"The night before Mr. Norrell was due to perform the magic, snow fell on York and in the morning the dirt and mud of the city had disappeared, all replaced by flawless white. The sounds of hooves and footsteps were muffled, and the very voices of York's citizens were altered by a white silence that swallowed up every sound. Mr. Norrell had named a very early hour in the day. In their separate homes the York magicians breakfasted alone. They watched in silence as a servant poured their coffee, broke their warm white-bread rolls, fetched the butter. The wife, the sister, the daughter, the daughter-in-law, or the niece who usually performed these little offices was still in bed; and the pleasant female domestic chat, which the gentlemen of the York society affected to despise so much, and which was in truth the sweet and mild refrain in the music of their ordinary lives, was absent. And the breakfast rooms where these gentlemen sat were changed from what they had been yesterday. The winter gloom was quite gone and in its place was a fearful light - the winter sun reflected many times over the snowy earth. There was a dazzle of light upon the white linen tablecloth. The rosebuds that patterned the daughter's pretty coffee-cups seemed almost to dance in it. Sunbeams were struck from the niece's silver coffee-pot, and the daughter-in-law's smiling china shepherdesses were all become shining angels. It was as if the table were laid with fairy silver and crystal."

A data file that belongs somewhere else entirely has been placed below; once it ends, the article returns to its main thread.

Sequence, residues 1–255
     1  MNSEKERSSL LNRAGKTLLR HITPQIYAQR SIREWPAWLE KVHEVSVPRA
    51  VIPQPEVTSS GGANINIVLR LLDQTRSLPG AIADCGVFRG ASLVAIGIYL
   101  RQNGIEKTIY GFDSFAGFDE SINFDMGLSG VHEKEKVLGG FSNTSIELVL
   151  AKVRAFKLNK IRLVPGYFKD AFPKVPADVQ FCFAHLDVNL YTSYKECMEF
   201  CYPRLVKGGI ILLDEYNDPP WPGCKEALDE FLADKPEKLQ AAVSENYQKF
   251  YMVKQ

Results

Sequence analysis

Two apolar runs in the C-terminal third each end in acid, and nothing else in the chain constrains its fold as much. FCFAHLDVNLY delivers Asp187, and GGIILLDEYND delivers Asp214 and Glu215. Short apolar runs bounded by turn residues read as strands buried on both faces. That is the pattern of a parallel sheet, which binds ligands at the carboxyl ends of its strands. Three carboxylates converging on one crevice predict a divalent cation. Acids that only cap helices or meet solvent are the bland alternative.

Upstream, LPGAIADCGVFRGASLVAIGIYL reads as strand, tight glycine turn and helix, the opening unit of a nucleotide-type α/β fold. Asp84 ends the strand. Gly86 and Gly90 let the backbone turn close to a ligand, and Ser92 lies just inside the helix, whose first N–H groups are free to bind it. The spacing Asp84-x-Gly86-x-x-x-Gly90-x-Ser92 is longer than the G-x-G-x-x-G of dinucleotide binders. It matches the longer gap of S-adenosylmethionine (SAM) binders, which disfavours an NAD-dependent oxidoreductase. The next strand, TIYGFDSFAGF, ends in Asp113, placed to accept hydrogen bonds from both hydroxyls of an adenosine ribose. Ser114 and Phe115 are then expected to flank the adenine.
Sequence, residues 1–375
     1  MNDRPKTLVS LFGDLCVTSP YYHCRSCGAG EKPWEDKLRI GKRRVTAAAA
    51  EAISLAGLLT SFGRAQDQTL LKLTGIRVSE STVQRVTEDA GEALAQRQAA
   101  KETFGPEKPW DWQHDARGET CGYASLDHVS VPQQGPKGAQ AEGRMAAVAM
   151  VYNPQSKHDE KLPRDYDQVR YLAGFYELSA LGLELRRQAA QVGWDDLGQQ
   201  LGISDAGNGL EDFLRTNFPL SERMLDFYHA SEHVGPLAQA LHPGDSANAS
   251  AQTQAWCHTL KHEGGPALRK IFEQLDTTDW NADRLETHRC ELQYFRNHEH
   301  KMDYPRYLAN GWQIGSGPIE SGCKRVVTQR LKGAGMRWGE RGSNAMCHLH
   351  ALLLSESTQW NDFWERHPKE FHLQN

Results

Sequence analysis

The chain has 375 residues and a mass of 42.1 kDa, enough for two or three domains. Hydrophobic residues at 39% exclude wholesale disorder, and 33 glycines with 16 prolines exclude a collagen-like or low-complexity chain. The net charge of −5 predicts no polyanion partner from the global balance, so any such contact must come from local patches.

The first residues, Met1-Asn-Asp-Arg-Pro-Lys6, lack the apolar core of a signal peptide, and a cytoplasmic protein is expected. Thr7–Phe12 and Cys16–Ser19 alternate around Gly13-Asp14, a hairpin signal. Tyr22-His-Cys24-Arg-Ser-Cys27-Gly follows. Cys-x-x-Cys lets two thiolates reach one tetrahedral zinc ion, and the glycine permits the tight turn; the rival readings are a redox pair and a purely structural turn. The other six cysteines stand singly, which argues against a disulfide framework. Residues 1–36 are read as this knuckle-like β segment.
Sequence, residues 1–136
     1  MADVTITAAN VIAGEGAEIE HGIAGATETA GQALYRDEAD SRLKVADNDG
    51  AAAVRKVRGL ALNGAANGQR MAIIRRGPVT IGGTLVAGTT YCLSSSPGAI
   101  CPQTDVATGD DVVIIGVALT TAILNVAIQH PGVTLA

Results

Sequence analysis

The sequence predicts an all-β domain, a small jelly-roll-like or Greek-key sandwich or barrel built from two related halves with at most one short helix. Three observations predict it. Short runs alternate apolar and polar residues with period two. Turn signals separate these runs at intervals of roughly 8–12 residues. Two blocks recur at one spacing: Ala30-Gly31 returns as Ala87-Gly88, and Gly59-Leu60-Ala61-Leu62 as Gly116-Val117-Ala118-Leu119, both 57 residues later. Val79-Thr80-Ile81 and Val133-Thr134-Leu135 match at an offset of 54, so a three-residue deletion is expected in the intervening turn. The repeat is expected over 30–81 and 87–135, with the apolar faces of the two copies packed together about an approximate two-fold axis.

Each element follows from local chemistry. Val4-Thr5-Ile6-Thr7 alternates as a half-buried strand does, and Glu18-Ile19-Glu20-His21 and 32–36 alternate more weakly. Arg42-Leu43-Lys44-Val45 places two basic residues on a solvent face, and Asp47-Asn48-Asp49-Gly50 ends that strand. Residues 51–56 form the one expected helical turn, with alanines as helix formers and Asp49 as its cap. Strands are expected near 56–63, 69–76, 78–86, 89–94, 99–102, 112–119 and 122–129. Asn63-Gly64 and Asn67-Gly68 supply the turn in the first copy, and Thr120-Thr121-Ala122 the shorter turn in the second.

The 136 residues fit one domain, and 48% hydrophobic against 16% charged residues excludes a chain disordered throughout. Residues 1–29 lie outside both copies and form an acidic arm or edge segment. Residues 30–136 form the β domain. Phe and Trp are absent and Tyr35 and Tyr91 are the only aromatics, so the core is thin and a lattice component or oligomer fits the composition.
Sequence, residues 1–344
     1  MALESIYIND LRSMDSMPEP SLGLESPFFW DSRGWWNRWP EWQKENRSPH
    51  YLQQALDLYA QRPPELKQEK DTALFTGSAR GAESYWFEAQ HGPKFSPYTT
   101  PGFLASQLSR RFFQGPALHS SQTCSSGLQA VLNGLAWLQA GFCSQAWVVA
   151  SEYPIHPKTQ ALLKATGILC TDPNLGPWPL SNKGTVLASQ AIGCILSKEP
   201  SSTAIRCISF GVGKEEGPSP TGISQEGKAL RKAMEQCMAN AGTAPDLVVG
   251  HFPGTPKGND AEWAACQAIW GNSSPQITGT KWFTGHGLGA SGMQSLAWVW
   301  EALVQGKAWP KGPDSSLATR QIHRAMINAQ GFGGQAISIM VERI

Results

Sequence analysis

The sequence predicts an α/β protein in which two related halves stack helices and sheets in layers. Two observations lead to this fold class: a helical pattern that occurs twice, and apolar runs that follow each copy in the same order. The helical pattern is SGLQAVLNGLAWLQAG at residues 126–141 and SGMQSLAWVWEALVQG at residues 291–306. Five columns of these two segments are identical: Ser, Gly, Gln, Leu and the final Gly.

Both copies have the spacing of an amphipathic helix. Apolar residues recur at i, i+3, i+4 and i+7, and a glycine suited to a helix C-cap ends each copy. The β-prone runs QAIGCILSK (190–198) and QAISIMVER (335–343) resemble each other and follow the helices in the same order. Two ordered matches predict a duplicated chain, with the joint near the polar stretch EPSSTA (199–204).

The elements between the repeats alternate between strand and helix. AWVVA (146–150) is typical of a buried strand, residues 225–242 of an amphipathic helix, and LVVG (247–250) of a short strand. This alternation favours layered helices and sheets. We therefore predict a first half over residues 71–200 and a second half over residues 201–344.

From Susanna Clarke's Jonathan Strange and Mr Norrell - which I am reading at long last and loving!